While in class, many of your assignments don’t have a real face behind them, they are made up clients or scenarios. At an internship you are doing real work for a real organization.Embed from Getty Images
While in class, you may get an assignment back and see that you got a B on it. Not bad, right? You correct a few things if you can, but other than that, you’re pretty content. However, when you submit a press release at your internship, and your supervisor has highlighted almost everything and added and deleted parts you thought were great, it can be hard to swallow.
At first, I would go home and tell my support system, “I don’t know, I guess I picked the wrong major” and “I suck at public relations.”Embed from Getty Images
But now, after four weeks, I realized something that put my worry at ease. I am new to this company. I am still learning the company’s voice, and the things that the company finds most important.
According to Alexandra Levit’s, she mentions in her book, “They Don’t Teach Corportate in College,” that there are as many different types of bosses as there are different types of people.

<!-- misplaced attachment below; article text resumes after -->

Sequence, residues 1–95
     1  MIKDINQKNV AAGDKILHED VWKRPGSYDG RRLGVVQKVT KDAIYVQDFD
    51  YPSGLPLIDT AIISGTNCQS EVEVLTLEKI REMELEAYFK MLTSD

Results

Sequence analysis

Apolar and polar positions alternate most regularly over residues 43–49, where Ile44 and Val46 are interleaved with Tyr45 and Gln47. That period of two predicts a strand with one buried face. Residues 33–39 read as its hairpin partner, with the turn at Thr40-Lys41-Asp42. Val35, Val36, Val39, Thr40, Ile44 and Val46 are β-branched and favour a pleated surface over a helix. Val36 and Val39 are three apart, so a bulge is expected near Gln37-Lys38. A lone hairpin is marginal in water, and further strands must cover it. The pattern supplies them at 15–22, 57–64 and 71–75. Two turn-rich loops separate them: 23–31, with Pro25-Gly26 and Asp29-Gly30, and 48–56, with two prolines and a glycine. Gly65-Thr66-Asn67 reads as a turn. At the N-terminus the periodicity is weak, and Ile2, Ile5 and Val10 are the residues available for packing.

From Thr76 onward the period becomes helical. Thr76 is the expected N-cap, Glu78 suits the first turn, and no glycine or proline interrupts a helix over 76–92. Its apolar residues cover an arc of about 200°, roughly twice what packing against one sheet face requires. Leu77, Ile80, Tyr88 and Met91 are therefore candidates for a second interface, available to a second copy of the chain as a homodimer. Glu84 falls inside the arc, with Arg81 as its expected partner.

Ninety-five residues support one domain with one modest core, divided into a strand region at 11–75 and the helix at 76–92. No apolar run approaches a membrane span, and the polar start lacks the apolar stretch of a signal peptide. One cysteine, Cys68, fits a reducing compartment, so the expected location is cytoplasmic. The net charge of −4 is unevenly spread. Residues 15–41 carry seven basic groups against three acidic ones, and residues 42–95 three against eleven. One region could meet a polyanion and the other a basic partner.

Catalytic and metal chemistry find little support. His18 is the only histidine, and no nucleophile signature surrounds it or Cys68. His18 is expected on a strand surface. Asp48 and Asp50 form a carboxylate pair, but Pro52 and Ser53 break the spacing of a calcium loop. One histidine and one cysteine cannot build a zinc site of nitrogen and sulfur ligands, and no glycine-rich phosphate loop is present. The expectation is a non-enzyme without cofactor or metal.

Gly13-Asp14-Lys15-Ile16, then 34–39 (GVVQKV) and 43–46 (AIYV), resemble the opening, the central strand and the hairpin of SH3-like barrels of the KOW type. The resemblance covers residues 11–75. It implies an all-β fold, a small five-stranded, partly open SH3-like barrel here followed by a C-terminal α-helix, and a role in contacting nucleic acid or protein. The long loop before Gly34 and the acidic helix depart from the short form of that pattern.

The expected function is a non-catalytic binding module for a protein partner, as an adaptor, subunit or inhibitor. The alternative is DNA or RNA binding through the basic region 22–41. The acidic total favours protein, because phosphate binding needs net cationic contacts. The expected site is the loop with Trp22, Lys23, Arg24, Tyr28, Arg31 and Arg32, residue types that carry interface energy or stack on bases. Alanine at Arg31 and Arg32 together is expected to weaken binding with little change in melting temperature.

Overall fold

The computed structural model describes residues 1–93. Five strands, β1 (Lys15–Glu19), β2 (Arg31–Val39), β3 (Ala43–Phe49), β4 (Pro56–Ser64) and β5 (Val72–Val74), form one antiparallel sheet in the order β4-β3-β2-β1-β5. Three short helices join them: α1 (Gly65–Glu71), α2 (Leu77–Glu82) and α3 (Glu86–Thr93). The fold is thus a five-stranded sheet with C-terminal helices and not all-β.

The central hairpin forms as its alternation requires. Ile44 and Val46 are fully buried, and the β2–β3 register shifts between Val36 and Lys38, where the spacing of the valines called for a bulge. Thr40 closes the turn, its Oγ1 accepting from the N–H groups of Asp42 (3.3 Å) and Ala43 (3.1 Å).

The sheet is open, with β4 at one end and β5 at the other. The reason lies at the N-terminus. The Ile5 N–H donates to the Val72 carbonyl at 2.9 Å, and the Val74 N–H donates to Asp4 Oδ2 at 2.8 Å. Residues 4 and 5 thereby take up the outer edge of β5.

For almost three years I became accustomed to how the University graded my work. It wasn’t easy by any means at first. Freshmen year was a struggle for me. And this internship is no different.
One thing I’ve had to learn was my company’s preference with the use of en dashes.
For example changing,
The Los Angeles–London flight.
The Los Angeles – London flight.
They ask for spaces between the dash.
The other day, I submitted a press release for review and realized that I didn’t have to make a single edit for the dashes. That was a small victory for me.
So just remember, try not to let the transition period get you down. It takes time to figure out what a company likes and dislikes, so give yourself some slack. There is light at the end of the tunnel.